I hope no one would oppose judge Sotomayor because she tries to be honest. We need that as much as we need "totally objective" judges.
5.15.2009 12:03pm
caryatis:
Several commentors have pointed out how odd it would sound if Sotomayor called for the wisdom of a 'wise white' man--but
the two statements are qualitatively different.

A lot of people would be upset if there were no whites and/or no men on the court. But there will always be white men on the court, at least in my lifetime. There is a real danger of having no women or Latinos. That's why calling for a Latin woman is more defensible than calling for (another) white man.
5.15.2009 12:08pm
JB:
GSC,
"Isn't it possible that she said this with her tongue firmly implanted in her cheek. Said in the right way, this is a laugh line. She's pointed out that different backgrounds affect the conclusion, and now she jokes that a wise Latina woman (e.g., herself) will reach better conclusions. It seems like a joke to me."

There is a time and a place for each type of humor. Most jokes are funny in some contexts and not in others. Subtle sarcasm is not funny in the context of upcoming confirmation hearings for high-profile politicizable positions. You are accusing her of a shocking degree of tone-deafness here.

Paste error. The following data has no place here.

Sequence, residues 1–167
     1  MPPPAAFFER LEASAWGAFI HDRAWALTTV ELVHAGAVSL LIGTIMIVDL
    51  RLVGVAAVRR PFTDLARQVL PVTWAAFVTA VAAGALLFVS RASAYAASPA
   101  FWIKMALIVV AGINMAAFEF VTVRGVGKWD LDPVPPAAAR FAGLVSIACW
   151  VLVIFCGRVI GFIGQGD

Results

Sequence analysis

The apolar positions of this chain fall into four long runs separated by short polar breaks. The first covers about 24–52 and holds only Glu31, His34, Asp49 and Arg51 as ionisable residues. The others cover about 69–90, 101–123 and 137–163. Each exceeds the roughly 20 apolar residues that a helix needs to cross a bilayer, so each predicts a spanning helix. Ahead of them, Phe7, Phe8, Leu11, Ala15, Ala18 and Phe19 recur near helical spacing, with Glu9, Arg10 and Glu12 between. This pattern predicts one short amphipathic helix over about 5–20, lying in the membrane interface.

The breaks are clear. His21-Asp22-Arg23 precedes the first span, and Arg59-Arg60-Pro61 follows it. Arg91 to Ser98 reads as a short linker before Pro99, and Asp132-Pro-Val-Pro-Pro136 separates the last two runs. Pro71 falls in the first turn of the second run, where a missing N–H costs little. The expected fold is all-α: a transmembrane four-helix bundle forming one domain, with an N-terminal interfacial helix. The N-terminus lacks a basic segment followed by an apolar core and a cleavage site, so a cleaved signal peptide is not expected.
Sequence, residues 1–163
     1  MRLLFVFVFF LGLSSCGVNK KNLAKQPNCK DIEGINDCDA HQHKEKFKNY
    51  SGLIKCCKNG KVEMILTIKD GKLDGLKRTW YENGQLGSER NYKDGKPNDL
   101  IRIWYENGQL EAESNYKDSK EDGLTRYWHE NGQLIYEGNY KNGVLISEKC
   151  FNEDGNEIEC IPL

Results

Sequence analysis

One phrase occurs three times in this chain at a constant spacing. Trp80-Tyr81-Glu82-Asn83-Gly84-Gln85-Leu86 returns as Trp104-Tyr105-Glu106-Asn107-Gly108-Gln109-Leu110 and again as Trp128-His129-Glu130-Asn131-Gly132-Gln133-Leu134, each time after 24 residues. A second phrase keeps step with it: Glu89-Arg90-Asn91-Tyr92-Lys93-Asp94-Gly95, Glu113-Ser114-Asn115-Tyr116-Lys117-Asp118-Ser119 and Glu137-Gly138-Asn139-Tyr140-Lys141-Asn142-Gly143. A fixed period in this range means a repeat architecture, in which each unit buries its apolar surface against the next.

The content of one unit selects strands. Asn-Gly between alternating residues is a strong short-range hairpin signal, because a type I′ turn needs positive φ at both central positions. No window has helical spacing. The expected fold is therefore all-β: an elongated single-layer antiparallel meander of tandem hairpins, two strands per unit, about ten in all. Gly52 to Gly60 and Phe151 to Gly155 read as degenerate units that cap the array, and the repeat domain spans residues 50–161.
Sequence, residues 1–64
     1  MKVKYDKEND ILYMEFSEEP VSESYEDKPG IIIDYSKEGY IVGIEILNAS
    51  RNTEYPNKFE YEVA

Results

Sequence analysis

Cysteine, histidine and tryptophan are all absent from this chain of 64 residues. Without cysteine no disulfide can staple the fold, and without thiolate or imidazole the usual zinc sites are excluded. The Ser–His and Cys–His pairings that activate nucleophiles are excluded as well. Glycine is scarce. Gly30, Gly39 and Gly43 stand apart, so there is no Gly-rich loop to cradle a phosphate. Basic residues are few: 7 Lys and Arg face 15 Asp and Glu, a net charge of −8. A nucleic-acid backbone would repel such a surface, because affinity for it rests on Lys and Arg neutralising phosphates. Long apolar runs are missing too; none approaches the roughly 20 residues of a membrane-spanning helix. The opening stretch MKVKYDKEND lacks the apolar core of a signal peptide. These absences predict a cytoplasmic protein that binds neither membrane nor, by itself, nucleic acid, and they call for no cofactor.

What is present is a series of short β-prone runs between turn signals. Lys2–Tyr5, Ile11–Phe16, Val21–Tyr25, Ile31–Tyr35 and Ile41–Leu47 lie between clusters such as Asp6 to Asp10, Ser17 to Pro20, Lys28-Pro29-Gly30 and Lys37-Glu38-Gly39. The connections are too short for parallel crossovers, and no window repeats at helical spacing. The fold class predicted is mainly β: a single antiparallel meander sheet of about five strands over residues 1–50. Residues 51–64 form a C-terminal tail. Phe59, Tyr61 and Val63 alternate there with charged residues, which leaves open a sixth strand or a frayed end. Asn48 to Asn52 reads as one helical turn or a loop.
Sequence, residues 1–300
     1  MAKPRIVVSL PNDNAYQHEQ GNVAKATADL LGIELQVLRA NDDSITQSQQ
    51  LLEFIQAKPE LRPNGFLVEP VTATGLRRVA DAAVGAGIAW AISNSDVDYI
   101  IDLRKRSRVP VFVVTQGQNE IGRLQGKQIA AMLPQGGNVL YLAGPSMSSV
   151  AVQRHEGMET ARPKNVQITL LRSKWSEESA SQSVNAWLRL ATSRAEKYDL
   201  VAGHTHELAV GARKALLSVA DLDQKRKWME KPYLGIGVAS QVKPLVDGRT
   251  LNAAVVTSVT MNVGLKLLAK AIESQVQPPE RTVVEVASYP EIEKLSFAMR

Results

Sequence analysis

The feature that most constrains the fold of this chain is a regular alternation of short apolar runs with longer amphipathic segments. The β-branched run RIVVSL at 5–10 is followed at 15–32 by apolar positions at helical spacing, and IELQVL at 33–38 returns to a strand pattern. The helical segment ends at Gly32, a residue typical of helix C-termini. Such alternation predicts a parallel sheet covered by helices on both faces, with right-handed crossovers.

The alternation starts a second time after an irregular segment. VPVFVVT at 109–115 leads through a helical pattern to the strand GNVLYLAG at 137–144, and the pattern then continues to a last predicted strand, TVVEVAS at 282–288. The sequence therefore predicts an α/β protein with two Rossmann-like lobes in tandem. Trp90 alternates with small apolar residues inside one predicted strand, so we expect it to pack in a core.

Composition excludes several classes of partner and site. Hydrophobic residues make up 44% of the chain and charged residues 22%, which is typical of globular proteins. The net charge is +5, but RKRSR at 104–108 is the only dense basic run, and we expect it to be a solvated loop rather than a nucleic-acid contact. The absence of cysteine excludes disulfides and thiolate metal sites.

5.15.2009 12:09pm
JB:
EDIT: These remarks were made 8 years ago. I apologize to GSC--they were not made in the context I wrote my above comment thinking they were in.
5.15.2009 12:10pm
Rock Chocklett:
I think Jonathan's update helps clarify the point of his post. If Judge Sotomayor were simply making a descriptive comment that judges' race, gender, and background affect the way they reason, then her point isn't that controversial. If, however, she makes a prescriptive comment that judges should intentionally rely on these characteristics as a way of reaching decisions and that certain judges' characteristics are more suited to reaching the best decisions, then her statment is especially troubling. I think she's making a prescriptive comment, given her skepticism of impartiality and her approval of the notion that judging is an exercise in power.
5.15.2009 12:12pm
Mikee (mail):